Image: Internet.

The game is locked.

Undoubtedly -in the lexicon of dominoes- the phrase could be a good metaphor for the current Cuban economic scenario.

The tablets of the agricultural markets or of sales of diverse products prove it, that have been adding zeros to their prices;

visitor arrival statistics;

the lines of the bus and the blows of energetic instability.

It is no secret that the country is experiencing one of the most serious economic crises in recent decades.

The aggravation of the economic blockade of the United States together with the Covid-19 pandemic led to the almost total closure of tourism - not for nothing called the locomotive of the economy - and have tripped up the process of economic order undertaken in the country;

Inflation has been one of the consequences with the greatest impact for everyday pockets.

But if it is difficult for all the actors – the new and the most traditional – that intervene in the economy, it is even more so for the women who try to break through at this unique domino table.

A look at the numbers

In 2018, the so-called gender gap in labor participation was estimated at around 27 percent, according to the National Office of Statistics and Information (ONEI).


the male economic activity rate was 76.9 percent, the female rate was barely 49.5 percent

, with an even more uneven situation in rural areas.

Inequities are also related to the distribution of employment and wages.

In that same year, the average monthly salary in the state sector was 777 pesos in national currency (about 32 dollars, according to one of the current exchange rates of one dollar for 24 pesos).

A look at more recent data on the evolution of the “younger” form of economic management can give other clues.

Since the government approved its creation in September 2021, micro, small, and medium-sized enterprises (MSMEs) have expanded rapidly, with a predominance of private ones.

If the first 35 were approved in September 2021, by the end of 2022 there were already 6,273, according to data published by the Ministry of Economy and Planning (MEP) on its channel for new economic actors.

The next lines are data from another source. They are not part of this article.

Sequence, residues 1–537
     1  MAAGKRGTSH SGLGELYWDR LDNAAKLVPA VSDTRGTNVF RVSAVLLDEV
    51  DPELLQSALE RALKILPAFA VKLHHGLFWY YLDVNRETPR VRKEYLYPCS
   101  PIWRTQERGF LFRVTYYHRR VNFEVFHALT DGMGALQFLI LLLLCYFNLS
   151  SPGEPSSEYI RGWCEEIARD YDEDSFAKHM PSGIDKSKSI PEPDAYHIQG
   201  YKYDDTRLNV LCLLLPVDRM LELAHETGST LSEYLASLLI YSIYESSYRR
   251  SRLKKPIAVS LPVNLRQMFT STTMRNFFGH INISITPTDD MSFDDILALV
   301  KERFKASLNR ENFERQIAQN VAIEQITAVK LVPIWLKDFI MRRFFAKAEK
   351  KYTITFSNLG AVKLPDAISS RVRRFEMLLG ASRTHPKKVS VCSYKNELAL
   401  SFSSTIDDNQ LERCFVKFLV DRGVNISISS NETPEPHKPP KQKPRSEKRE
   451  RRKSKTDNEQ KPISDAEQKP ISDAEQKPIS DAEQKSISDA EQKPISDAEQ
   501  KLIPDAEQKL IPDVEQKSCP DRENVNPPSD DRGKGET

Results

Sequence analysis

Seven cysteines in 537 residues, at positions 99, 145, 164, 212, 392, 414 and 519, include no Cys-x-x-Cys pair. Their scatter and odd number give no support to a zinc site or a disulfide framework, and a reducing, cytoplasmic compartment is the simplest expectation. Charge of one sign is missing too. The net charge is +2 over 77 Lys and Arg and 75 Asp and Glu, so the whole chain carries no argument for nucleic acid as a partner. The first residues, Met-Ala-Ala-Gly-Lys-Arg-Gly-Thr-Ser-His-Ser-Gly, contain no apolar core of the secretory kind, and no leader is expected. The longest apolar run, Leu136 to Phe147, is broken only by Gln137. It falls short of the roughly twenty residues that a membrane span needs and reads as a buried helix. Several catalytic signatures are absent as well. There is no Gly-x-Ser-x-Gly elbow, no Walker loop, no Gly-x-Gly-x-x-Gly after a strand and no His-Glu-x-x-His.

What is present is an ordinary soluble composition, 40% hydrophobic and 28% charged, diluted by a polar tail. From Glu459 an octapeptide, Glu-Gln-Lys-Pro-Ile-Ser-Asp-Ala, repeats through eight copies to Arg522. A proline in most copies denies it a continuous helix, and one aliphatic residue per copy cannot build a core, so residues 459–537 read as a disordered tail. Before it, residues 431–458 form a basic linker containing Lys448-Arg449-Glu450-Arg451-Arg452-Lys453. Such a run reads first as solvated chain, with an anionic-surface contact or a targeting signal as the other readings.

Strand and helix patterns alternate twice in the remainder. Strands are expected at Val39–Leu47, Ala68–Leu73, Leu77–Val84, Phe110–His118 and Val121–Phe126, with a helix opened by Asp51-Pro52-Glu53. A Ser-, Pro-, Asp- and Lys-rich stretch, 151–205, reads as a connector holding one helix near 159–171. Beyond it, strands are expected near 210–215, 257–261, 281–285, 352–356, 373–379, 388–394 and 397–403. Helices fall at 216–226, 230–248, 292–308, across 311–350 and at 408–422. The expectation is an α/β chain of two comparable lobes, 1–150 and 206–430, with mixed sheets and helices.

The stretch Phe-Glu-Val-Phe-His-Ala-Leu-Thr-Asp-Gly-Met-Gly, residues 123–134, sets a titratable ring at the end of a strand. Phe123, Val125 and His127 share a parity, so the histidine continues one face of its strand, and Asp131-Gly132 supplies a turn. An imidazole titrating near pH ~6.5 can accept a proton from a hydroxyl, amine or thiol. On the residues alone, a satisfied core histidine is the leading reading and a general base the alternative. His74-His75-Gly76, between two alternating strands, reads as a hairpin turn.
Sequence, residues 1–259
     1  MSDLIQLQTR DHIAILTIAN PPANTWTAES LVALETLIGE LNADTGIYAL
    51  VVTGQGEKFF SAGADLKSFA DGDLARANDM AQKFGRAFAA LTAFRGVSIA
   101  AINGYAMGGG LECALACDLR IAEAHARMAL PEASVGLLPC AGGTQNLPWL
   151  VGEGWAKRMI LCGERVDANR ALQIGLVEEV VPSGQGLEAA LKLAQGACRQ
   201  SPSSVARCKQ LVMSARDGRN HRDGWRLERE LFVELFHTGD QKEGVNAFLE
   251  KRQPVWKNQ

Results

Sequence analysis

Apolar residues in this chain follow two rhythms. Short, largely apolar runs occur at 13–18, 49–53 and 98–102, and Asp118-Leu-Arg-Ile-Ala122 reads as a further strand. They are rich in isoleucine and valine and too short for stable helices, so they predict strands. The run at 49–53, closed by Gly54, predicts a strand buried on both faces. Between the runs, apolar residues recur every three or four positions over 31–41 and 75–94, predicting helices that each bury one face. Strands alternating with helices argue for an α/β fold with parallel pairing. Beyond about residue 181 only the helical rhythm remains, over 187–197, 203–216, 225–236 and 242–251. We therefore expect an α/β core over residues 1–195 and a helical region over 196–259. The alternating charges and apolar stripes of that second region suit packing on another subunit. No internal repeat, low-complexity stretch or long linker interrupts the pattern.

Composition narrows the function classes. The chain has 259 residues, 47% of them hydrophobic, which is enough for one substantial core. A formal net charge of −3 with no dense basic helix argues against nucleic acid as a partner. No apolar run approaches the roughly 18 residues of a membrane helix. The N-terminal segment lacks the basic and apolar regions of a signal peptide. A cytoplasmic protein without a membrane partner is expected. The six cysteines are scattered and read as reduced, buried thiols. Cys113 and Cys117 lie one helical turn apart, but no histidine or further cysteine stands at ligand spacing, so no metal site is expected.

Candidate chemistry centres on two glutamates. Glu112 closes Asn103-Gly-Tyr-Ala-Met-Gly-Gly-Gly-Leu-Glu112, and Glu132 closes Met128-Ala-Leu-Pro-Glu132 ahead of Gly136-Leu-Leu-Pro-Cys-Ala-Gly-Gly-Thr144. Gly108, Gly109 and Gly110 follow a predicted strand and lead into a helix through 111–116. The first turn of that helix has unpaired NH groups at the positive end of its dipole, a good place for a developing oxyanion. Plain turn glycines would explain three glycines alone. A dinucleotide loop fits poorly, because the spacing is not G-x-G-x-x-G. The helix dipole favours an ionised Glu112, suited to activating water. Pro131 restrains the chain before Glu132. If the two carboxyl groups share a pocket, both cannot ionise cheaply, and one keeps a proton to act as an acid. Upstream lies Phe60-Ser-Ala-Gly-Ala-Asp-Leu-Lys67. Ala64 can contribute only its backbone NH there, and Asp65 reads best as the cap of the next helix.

But according to a report by the MEP itself, more detailed and published at the end of the first half of last year,

of the 4,097 new economic actors approved up to that moment -most of them private MSMEs- only 23.3 percent of the partners were women.

And there are still figures and counts disaggregated by sex, skin color, different abilities or territory, which would put other elements on this complicated board.

A report by the AUGE Consulting firm, cited by the Latin American and Caribbean Women's News Service (SEMLac) this January, complements the official data and allows us to peek into those other intersections.

According to an investigation that involved a hundred MSMEs to which they provided advice,

of the 178 partners counted in the report, 66 percent were men and 34 percent women.

But in addition, AUGE confirmed a clear trend towards the majority presence of white-skinned men as members, aged between 30 and 55 years.

The gaps are also expressed in income.

In the case of the 52 MSMEs with more than one partner, where an unequal distribution of shares was defined, most of these corresponded to white-skinned men.

Economy through purple glasses

In the opinion of the economist Ileana Díaz, professor at the University of Havana and coordinator of its Entrepreneurship Network, what is happening with the gender distribution within the new forms of management was predictable, since in self-employment Just over 30 percent of their own was performed by women, but of that proportion a substantial part were contract workers, not business owners.

For her, an essential element of the disadvantages of women in the face of the new forms of management has to do with accumulated capital.

“They have less accumulated capital than men;

not only financial, but also social, relational, which prevents them from moving more easily in the business world”, explained this expert.

The aforementioned AUGE study confirms Díaz's concerns.

According to the consultant, the value of the capital stock most frequently declared by the companies studied at its creation was 100,000 Cuban pesos.

How many women have that money?

How many own a car or other marketable resource that they can sell to open a business?

On the other hand, women have less relational capital than men because they have basically worked in the public or state sector and almost always as civil servants or specialists and not in a management or decision-making position.

As if that were not enough, they have second and third working days, children or elderly people in charge, which forces them to go home early, so they cannot establish the type of relationships that men are used to after finishing " work” such as having a coffee or sharing a drink.

In these spaces, relational capital is also built in the opinion of Ileana Diaz.

Cuban society is better prepared than others to implement affirmative actions that favor access to economic spaces without discrimination, since the equality of people is a widespread value and verified in the laws.

But the tense economic situations of the last decades have made everyday family life very challenging and overloaded, especially for women.

Economic transformations need to be thought of, too, from a violet gaze.